Bank of Cyprus’s Bail-in Blues

WSJ

Cypriots were understandably livid at the Eurogroup’s decision some 18 months ago to resolve the two largest banks in the country through a so-called bail-in, which involved taking away depositors’ money in order to rescue the ailing banks.
 
The European Union has already moved a long way towards this through its Bank Recovery and Resolution Directive. The new rule foresees that bail-ins will precede any external bail outs, essentially ensuring that uninsured deposits are up for grabs if a bank fails.
 
Bailing in a bank transforms the biggest depositors into its biggest shareholders. But turning their deposits into shares doesn’t transform depositors into investors. Investors are betting on the long-term appreciation in the bank’s equity price. Depositors just want their money back.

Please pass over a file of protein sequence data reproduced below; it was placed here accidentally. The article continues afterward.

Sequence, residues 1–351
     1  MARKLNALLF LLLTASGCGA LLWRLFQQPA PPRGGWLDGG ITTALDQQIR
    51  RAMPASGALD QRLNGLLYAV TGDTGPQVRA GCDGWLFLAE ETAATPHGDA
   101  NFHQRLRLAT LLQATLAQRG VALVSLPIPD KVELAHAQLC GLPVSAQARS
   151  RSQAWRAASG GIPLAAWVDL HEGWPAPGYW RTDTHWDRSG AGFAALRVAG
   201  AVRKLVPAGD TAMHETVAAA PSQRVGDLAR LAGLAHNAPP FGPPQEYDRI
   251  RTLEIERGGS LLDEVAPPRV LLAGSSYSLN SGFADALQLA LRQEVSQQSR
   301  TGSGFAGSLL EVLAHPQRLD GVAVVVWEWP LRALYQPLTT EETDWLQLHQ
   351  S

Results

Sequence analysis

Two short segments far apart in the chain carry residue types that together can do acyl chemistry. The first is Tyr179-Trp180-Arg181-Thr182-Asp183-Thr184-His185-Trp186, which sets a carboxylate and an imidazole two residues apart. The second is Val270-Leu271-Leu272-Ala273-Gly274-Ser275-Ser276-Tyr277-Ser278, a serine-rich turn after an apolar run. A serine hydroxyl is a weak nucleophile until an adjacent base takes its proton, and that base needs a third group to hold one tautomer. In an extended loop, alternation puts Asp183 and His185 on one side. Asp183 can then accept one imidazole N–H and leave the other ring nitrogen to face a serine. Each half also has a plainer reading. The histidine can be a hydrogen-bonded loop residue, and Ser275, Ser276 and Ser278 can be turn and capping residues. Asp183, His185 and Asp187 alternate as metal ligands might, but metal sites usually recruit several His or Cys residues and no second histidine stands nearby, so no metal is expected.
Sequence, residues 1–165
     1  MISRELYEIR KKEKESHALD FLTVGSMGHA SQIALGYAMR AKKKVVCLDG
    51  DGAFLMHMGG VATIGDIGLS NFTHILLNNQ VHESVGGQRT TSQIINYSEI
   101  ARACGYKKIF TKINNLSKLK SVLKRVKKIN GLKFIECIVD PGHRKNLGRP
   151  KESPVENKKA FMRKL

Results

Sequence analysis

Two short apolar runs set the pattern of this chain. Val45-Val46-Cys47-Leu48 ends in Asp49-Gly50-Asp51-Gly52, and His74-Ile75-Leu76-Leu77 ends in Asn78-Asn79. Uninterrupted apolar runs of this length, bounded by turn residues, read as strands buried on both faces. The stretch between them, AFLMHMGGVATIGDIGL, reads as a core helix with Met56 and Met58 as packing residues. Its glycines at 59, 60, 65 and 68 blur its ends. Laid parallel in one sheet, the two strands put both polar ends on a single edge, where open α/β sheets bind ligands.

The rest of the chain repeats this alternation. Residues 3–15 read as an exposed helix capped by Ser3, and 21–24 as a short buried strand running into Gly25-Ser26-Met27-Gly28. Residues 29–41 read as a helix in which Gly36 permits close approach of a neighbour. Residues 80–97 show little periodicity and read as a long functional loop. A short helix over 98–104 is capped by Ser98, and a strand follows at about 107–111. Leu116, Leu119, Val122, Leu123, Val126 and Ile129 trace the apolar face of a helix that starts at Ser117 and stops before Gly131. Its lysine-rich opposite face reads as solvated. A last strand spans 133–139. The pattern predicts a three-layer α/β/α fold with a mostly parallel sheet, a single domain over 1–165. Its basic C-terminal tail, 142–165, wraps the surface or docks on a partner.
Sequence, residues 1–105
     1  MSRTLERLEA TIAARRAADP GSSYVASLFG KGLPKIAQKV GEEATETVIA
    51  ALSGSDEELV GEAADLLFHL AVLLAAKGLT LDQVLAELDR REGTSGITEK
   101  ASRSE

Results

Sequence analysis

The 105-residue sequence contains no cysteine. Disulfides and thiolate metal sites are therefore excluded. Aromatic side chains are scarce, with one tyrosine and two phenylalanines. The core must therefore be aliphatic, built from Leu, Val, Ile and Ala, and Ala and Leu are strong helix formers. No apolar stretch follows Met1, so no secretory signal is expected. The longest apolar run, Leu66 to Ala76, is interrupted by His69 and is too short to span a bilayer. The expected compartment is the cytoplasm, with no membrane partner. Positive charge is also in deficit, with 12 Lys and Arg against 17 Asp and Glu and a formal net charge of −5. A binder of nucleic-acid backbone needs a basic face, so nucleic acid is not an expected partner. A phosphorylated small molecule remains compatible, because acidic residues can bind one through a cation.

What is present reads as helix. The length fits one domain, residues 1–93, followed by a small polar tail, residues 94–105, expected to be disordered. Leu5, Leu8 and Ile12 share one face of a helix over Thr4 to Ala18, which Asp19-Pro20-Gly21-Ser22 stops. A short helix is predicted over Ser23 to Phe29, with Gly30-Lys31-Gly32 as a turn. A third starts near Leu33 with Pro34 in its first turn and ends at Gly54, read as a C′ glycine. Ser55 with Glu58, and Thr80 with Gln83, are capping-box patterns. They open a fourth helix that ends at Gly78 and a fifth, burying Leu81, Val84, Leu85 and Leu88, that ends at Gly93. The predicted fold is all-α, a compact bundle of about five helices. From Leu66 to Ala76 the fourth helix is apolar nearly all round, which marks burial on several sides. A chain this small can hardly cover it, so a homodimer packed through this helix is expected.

Cypriots who could see the writing on the wall got their money outside of the country before the bail-in and capital controls were imposed. It’s a great reason why anyone should look to open an offshore bank account in a stable jurisdiction. See here for more on that topic.
 

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